Results from this study were presented April 24, 2012 at the Experimental Biology 2012 meeting in San Diego, CA.

Christina Orsa, Deva Plumlee, Alely Wright, and Mee Young Hong (all from San Diego State University) were coauthors on this paper.


Story Source:

The above story is based on materials provided by Federation of American Societies for Experimental Biology (FASEB). Note: Materials may be edited for content and length.


Cite This Page:

Federation of American Societies for Experimental Biology (FASEB). "Beyond apples: A serving a day of dark chocolate might keep the doctor away." ScienceDaily. ScienceDaily, 24 April 2012. <www.sciencedaily.com/releases/2012/04/120424205143.htm>.
Federation of American Societies for Experimental Biology (FASEB). (2012, April 24). Beyond apples: A serving a day of dark chocolate might keep the doctor away. ScienceDaily. Retrieved September 21, 2014 from www.sciencedaily.com/releases/2012/04/120424205143.htm
Federation of American Societies for Experimental Biology (FASEB). "Beyond apples: A serving a day of dark chocolate might keep the doctor away." ScienceDaily. www.sciencedaily.com/releases/2012/04/120424205143.htm (accessed September 21, 2014).

Share This



More Health & Medicine News

Sunday, September 21, 2014

Featured Research

from universities, journals, and other organizations


Featured Videos

from AP, Reuters, AFP, and other news services

Sierra Leone's Nationwide Ebola Curfew Underway

Sierra Leone's Nationwide Ebola Curfew Underway

Newsy (Sep. 20, 2014) Sierra Leone is locked down as aid workers and volunteers look for new cases of Ebola. Video provided by Newsy
Powered by NewsLook.com
Changes Found In Brain After One Dose Of Antidepressants

Changes Found In Brain After One Dose Of Antidepressants

Newsy (Sep. 19, 2014) A study suggest antidepressants can kick in much sooner than previously thought. Video provided by Newsy
Powered by NewsLook.com
Could Grief Affect The Immune Systems Of Senior Citizens?

Could Grief Affect The Immune Systems Of Senior Citizens?

Newsy (Sep. 19, 2014) The study found elderly people are much more likely to become susceptible to infection than younger adults going though a similar situation. Video provided by Newsy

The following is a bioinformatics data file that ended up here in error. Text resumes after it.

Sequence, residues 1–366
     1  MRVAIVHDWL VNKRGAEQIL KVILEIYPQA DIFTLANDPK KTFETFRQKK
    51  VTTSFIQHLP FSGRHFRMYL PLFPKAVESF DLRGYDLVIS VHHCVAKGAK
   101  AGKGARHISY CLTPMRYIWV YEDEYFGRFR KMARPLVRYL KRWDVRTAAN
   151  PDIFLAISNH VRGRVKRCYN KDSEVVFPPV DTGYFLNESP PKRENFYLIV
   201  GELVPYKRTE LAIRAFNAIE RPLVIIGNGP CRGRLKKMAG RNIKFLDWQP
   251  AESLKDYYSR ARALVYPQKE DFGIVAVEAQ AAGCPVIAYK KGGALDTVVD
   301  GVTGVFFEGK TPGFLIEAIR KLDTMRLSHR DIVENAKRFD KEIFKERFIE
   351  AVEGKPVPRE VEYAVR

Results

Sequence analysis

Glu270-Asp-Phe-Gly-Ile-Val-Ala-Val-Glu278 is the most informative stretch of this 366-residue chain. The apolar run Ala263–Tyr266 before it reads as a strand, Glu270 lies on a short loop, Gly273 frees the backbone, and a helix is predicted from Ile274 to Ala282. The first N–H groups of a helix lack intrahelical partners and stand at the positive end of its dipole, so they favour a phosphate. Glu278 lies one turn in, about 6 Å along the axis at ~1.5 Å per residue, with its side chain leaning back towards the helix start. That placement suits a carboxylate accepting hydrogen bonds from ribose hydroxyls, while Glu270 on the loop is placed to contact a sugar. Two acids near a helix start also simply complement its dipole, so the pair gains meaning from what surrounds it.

Powered by NewsLook.com
Jury Delivers Verdict in Salmonella Trial

Jury Delivers Verdict in Salmonella Trial

AP (Sep. 19, 2014) A federal jury has convicted three people in connection with an outbreak of salmonella poisoning five years ago that sickened hundreds of people and was linked to a number of deaths. (Sept. 19) Video provided by AP
Powered by NewsLook.com

Search ScienceDaily

Number of stories in archives: 140,361

Find with keyword(s):
Enter a keyword or phrase to search ScienceDaily for related topics and research stories.

Save/Print:
Share:

Breaking News:
from the past week

In Other News

... from NewsDaily.com

Science News

Health News

Environment News

Technology News



Save/Print:
Share:

Free Subscriptions


Get the latest science news with ScienceDaily's free email newsletters, updated daily and weekly. Or view hourly updated newsfeeds in your RSS reader:

Get Social & Mobile


Keep up to date with the latest news from ScienceDaily via social networks and mobile apps:

Have Feedback?


Tell us what you think of ScienceDaily -- we welcome both positive and negative comments. Have any problems using the site? Questions?
Mobile: iPhone Android Web
Follow: Facebook Twitter Google+
Subscribe: RSS Feeds Email Newsletters
Latest Headlines Health & Medicine Mind & Brain Space & Time Matter & Energy Computers & Math Plants & Animals Earth & Climate Fossils & Ruins